baby’s first feminist reader
There are some reads that I believe every budding human being would do well to have under their belt. This blog post is about them.
The Second Sex by Simone de Beauvoir
I wrote a bit about this here and here, but never gave the read a good once-over. It was among the very first books about feminism or gender identity that I ever read, and it completely changed how I saw my experiences– often painful experiences– growing up female. Actually it was surprising for me how much I related to this book, which was written in the mid 1940s. I think a good goal for humanity would be to make the book irrelevant, but we’re a long way from that. Certainly it has its shortcomings– the goal of economic independence which she calls for is good but not enough, for instance. But there isn’t a better place for baby to start, in my opinion.
The Whipping Girl by Julia Serano
After I read The Second Sex, I floundered for a while in a state of confusion about femininity. My budding human mind was all like, Ugh, women, throw off your shackles and reject all of that woman stuff, like being passive or caring or romantic or sensitive to others’ feelings. I was becoming unwittingly anti-woman, by judging women who aligned with my notions of femininity as dupes in their own subjugation, rather than questioning what’s so bad about femininity in the first place. And then I read The Whipping Girl and my budding human mind became a lot less judgmental toward myself and others.
Have you wondered why masculinity is always “natural” and femininity is always “artificial”? I didn’t, until I read this read. My favorite of-the-moment example of masculinity being strictly natural is the Dove commercial for MAN soap that explains to men that their “manhide” can dry out with other soap, you know, like how the cowhide of your manly work boots can dry out. Don’t worry about using womanish soap, men– if you refer to your skin as your “manhide” you still pass as a man, which is a short skip, hop, and jump away from a cow.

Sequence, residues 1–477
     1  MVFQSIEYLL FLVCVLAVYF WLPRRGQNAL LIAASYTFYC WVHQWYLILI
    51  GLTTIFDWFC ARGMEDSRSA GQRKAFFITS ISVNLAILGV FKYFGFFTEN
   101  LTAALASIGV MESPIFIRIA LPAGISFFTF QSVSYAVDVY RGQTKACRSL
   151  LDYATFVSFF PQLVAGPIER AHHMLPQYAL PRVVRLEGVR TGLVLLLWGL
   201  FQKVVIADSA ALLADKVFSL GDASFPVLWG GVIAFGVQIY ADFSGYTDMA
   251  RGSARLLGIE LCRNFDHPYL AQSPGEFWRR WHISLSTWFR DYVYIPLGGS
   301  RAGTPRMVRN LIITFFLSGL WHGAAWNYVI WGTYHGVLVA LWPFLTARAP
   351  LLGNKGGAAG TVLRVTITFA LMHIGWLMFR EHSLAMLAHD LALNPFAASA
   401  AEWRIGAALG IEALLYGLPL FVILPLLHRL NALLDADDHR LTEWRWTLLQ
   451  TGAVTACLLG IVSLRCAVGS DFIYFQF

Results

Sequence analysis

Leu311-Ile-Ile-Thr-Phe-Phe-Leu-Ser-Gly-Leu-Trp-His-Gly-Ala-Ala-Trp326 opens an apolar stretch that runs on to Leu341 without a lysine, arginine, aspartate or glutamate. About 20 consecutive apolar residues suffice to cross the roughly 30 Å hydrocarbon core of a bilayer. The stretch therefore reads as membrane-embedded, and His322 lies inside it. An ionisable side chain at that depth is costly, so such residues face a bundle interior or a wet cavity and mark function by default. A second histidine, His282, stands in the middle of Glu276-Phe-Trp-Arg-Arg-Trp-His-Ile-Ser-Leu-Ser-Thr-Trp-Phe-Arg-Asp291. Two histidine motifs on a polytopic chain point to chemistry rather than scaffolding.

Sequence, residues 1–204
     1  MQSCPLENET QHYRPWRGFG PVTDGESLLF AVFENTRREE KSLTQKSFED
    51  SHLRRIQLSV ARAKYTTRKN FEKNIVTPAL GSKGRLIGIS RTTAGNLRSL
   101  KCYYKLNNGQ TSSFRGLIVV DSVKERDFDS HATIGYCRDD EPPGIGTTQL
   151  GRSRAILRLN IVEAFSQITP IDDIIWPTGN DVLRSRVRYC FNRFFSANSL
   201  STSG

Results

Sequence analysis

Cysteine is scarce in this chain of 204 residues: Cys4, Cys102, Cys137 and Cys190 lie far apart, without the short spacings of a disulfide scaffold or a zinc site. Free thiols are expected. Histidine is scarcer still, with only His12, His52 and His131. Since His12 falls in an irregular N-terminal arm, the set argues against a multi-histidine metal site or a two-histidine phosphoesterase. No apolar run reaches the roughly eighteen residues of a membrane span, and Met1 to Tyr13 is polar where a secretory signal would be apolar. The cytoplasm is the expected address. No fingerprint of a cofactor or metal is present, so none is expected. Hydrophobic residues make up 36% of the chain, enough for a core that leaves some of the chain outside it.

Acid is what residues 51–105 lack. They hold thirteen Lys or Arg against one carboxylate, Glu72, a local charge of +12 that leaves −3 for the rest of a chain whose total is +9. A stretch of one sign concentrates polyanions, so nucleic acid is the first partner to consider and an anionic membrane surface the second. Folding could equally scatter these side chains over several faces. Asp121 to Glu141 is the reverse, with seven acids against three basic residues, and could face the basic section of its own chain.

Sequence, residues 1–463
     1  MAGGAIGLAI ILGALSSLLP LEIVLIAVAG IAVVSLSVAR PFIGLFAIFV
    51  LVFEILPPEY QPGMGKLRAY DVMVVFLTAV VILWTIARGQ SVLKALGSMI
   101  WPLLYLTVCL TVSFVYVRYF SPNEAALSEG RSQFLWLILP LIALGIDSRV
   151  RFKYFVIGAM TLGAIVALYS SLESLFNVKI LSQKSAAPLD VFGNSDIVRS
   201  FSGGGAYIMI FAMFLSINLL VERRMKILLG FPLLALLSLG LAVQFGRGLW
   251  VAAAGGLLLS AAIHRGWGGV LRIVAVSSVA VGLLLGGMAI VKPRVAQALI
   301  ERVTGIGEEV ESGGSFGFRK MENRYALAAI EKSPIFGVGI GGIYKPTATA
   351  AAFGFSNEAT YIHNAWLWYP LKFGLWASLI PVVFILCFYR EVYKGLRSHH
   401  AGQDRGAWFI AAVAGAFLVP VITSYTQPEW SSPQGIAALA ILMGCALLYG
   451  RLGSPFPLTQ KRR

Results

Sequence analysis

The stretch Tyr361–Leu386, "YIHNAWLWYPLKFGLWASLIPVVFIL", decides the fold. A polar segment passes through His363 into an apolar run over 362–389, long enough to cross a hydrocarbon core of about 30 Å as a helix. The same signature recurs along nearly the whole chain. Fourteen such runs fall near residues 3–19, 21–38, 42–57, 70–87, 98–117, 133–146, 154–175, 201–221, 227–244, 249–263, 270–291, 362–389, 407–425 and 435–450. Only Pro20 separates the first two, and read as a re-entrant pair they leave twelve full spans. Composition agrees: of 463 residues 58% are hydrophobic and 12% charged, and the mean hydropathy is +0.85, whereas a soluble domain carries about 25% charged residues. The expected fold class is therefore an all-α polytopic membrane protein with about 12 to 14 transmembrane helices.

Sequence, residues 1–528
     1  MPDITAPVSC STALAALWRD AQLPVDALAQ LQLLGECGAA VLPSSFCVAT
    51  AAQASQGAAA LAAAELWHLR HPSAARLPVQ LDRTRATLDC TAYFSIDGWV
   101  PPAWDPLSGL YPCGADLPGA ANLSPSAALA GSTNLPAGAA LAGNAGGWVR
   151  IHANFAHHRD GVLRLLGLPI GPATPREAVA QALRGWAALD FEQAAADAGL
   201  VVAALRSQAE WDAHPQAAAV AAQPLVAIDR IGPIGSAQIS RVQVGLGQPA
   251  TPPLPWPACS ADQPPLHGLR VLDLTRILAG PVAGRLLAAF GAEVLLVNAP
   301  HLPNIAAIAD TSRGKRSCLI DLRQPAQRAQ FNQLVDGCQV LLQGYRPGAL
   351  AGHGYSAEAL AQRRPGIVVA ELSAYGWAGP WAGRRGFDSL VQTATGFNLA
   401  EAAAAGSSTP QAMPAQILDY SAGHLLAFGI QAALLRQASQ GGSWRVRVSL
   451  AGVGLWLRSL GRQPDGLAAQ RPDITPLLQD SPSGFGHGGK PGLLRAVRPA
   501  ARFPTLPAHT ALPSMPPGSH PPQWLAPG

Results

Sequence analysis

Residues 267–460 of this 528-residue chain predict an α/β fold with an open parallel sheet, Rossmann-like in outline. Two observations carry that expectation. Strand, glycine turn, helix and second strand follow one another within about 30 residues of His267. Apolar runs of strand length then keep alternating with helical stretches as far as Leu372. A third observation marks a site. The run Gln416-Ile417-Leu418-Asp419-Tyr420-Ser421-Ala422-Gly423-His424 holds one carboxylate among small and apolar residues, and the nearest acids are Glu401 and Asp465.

Patriarchy and Accumulation on a World Scale by Maria Mies
This little read is actually about the role of patriarchy in enabling capitalism to develop and then take over the world. But her chapter Social Origins of the Sexual Division of Labor is, in fact, mind blowing in its gender analysis. She lays out object-relations of women and men with their bodies/ with nature, of hunters/ gatherers with nature, of pastoralists with nature, and of farmers with nature, in a completely provocative way which rings true to me each time I read it. A taste:
They [men] cannot experience their own bodies as being productive in the same way as women can. Male bodily productivity cannot appear as such without the mediation of external means, of tools, whereas woman’s productivity can.[…] Without tools man is no MAN.(pg 56-57)
She also rightly points out that people have shied away from exploring the “origins of unequal and hierarchical relationships in society in general” (44), albeit without shying away from trotting out Man-the-Hunter to explain all sorts of trivial things about Men These Days. And that is a sorry state of affairs, but one that anyone who reads her book will not experience quite so much within their own heads.
Manhood in America by Michael Kimmel
If baby is like me, reading so much about life on the losing side of the War of the Sexes will make you wonder what it’s like on the winning side. Answer: not great. Patriarchy harms us all (except capitalists, I guess), and that is the lesson we get from Kimmel in this excellent read about the first sex. Just as it’s tough having to pretend all the time to be the perfect woman, it’s tough pretending to be the perfect man. So this read gave me a new-found appreciation for the struggles in being a man (more specifically a white man, the focus of this read). But just to be clear, they’re the struggles that a thinking human being can reject, for the price of some social acceptance [like: “I reject the idea that I have to be homophobic and avoid any physical intimacy with men”]. Struggles for people on the losing side of gender or cultural or ethnic wars don’t go away if they just change their mindset: even if I personally reject the idea that, because I’m a lady, I must be incapable of doing things with tools (which I’ve done recently!), people at the bike shop are still going to listen to men who know less about bikes than to me. Well, it’s a little example of a larger phenomenon, but you get me.